SMV: +1 Acidity: 1.5
Note: I wrote most of the descriptions on the label for this stellar sake!
The brewer named this incredible achievement in aged sake (only 30 bottles available in US) after his first daughter and he calls it a "Dai Koshu" because it has been aging at 42F degrees for over the past ten years. Such a delicate aroma profile with hints of honey, orange blossom, caramel, and leather. Talk about an intelligent sake! Round, soft and incredibly elegant - this is not your dad's koshu! Gentle flavors such as caramel corn and clover honey dance with butter-toffee on a rich fluid that drinks overwhelming light for such an old sake. Room temperature pulls out deeper richness and more hints of butter, warming pulls hot- buttered nuts flavors, and chilled reminds one of a Heath Bar.
WINE: Complex Reds/Rich Whites
BEER: Light Belgians
FOODS: Steak, game, smoked fish, risotto, cheese courses, and cigars!
Ahhhh yes - one of those very important "stepping stone" sakes. Roughly three years ago I encouraged an importer to offer the extremely "significant" Junmai Ginjo from this relatively young brewery in Kumamoto Prefecture. Why? Well for one it tastes great, but for the second and most important reason this Kura invented the extremely popular and heavily used Kobo #9. Yup! Without question you have tasted this yeast before - as it is used by all! (well almost all).
The Association No.9 (Kumamoto Kobo) is used almost as much as Yamadanishiki brewing rice for the national sake competitions. (Ever hear the term YK9) It is that effective in giving off great aroma elements and providing body within the brew. Basically the "Rolling Stones" of sake brewing yeast for Ginjo class of sakes. So naturally every drinker at some point should try a brew from this kura. The importer only imported 6 cases of this sake for True Sake - that's 30 bottles - and six have already disappeared!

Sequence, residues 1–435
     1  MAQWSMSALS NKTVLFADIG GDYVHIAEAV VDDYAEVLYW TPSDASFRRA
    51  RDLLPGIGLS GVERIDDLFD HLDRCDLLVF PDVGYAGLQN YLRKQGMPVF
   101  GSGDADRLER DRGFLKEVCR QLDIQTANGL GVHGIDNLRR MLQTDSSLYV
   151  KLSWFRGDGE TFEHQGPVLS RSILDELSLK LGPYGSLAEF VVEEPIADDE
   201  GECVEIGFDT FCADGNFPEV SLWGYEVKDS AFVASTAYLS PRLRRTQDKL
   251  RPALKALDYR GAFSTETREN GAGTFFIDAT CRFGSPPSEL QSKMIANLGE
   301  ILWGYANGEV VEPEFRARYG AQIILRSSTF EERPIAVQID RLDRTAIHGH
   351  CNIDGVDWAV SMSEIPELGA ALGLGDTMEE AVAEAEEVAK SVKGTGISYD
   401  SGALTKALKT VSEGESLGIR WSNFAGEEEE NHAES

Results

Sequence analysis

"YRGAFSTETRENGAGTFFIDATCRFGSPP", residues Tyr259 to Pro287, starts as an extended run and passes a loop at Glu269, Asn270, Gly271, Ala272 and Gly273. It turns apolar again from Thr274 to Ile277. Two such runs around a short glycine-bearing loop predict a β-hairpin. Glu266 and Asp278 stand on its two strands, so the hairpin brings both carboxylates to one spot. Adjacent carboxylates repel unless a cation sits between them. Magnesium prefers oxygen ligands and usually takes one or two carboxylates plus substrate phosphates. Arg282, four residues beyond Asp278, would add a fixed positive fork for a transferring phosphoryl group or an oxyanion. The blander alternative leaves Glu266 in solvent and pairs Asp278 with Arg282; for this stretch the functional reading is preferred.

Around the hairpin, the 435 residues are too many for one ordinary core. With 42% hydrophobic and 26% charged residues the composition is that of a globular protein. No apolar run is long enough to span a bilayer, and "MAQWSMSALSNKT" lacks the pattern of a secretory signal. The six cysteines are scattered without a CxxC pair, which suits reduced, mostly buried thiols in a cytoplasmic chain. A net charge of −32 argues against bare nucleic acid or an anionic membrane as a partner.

Herewith is my review for Kouro:
From Kumomoto Prefecture.
SMV: + 0.5 Acidity: 1.6
This extremely "educational" sake (only 24 bottles in the US) has a vast nose filled with strawberry, lychee, honeydew, vanilla and apple elements. How can something drink so clean and yet have so much body! This is the mystery of a classic brew that has an enormous mouth feel, which coats the mouth with gentle and nuanced flavors. A rice-driven Ginjo with hints of unripe fruits, a layer of vanilla, and a whisp of the infamous umami characteristic. So soft, so chewy, so rich and yet so well balanced. For the well versed behold "shibumi" (estrigency) in a delicate delivery and "kire" (quick finish), which is amazing for so much body. Larger glasses and closer to room temperature bring out more "moods."
WORD: Big Story
WINE: Pinot Noir/White Burgundy
BEER: Big Belgians
FOODS: Anything off the grill, out of the ocean, from the soil, or felled from the heavens.
A lot of importers get samples to try to see if they should carry them in the west. Luckily enough many of these importers ask me if I would like to try some of these brews. Hard work indeed! One such brew came through the pipe-line almost four years ago from a brewery in Miyagi Prefecture that was constructed when four small breweries joined forces as one. We carry many of their offerings, but we never had access to one of their best products (in my mind) until now! The Ichinokura "Kuronohana" Junmai Ginjo (made with kuronohana brewing rice) is one smooth and flavorful operator, and the importer secured for True Sake two cases - he took one case to NYC - so we have 12 bottles of a very elegant and expressive sake that is - well extremely limited! $54/720ml
(As of sending this Newsletter out this brew had not arrived, so I didn't get to taste a current version for a review. Needless to say it is great sake!)
These sakes are LIMITED so get them while they last. First come first served. We will not push them at the store to walk-in customers in hopes that you good readers of the True Sake Newsletter will come and improve your learning curve!